Initiating levodopa/carbidopa therapy with and without entacapone in early Parkinson disease: The STRIDE-PD study
Article first published online: 23 APR 2010
Copyright © 2010 American Neurological Association
Annals of Neurology
Volume 68, Issue 1, pages 18–27, July 2010
How to Cite
Stocchi, F., Rascol, O., Kieburtz, K., Poewe, W., Jankovic, J., Tolosa, E., Barone, P., Lang, A. E. and Olanow, C. W. (2010), Initiating levodopa/carbidopa therapy with and without entacapone in early Parkinson disease: The STRIDE-PD study. Ann Neurol., 68: 18–27. doi: 10.1002/ana.22060
- Issue published online: 25 JUN 2010
- Article first published online: 23 APR 2010
- Accepted manuscript online: 23 APR 2010 12:00AM EST
- Manuscript Accepted: 5 APR 2010
- Manuscript Revised: 17 MAR 2010
- Manuscript Received: 22 DEC 2009
- Novartis Pharma A.G.
- Orion Copration
- Orion Pharma
Vol. 68, Issue 3, 412–413, Article first published online: 31 AUG 2010
L-dopa is the most widely used and most effective therapy for Parkinson disease (PD), but chronic treatment is associated with motor complications in the majority of patients. It has been hypothesized that providing more continuous delivery of L-dopa to the brain would reduce the risk of motor complications, and that this might be accomplished by combining L-dopa with entacapone, an inhibitor of catechol-O-methyltransferase, to extend its elimination half-life.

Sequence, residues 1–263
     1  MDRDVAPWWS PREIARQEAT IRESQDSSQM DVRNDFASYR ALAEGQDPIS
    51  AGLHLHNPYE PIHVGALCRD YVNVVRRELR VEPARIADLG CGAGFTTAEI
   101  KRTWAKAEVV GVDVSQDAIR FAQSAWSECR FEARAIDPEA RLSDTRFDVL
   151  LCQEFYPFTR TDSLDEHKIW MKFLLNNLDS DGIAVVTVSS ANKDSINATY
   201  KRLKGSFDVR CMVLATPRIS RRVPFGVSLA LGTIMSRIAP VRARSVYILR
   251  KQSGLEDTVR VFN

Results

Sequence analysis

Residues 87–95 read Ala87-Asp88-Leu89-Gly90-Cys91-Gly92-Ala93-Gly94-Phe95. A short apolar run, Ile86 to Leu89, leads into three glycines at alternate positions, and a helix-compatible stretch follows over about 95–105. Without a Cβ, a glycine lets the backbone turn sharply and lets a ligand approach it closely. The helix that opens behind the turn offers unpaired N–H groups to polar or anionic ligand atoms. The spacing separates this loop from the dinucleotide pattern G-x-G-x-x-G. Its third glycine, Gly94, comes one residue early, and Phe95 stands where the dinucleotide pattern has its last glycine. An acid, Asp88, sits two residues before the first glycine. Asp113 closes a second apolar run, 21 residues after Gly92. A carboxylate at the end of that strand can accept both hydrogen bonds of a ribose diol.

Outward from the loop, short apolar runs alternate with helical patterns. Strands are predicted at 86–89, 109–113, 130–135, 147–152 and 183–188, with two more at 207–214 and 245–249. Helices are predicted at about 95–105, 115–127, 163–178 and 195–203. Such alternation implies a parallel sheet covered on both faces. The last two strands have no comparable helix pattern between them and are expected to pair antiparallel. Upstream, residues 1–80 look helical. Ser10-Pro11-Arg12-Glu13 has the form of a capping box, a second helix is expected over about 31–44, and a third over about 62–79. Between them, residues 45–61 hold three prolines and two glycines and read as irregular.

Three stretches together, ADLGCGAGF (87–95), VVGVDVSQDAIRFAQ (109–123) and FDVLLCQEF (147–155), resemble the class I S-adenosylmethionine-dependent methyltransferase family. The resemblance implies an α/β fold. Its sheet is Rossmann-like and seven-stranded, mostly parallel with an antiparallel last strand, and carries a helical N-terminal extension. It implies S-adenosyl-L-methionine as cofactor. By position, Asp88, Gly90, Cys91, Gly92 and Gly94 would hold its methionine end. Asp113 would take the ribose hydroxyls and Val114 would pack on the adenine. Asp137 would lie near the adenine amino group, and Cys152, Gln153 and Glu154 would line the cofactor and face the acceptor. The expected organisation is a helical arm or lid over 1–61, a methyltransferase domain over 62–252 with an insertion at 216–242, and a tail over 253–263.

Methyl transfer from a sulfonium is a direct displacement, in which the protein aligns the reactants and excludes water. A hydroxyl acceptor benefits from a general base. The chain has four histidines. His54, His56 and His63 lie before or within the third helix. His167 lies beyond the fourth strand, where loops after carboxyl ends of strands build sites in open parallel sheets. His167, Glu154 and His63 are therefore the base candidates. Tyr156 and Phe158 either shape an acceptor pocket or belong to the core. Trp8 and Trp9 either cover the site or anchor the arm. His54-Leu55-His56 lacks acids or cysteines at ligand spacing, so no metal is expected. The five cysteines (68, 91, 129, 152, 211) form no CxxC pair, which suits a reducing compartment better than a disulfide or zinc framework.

We performed a prospective 134-week double-blind trial comparing the risk of developing dyskinesia in 747 PD patients randomized to initiate L-dopa therapy with L-dopa/carbidopa (LC) or L-dopa/carbidopa/entacapone (LCE), administered 4× daily at 3.5-hour intervals. The primary endpoint was time to onset of dyskinesia.
In comparison to LC, patients receiving LCE had a shorter time to onset of dyskinesia (hazard ratio, 1.29; p = 0.04) and increased frequency at week 134 (42% vs 32%; p = 0.02). These effects were more pronounced in patients receiving dopamine agonists at baseline. Time to wearing off and motor scores were not significantly different, but trended in favor of LCE treatment. Patients in the LCE group received greater L-dopa dose equivalents than LC-treated patients (p < 0.001).
Initiating L-dopa therapy with LCE failed to delay the time of onset or reduce the frequency of dyskinesia compared to LC. In fact, LCE was associated with a shorter time to onset and increased frequency of dyskinesia compared to LC. These results may reflect that the treatment protocol employed did not provide continuous L-dopa availability and the higher L-dopa dose equivalents in the LCE group. ANN NEUROL 2010;68:18–27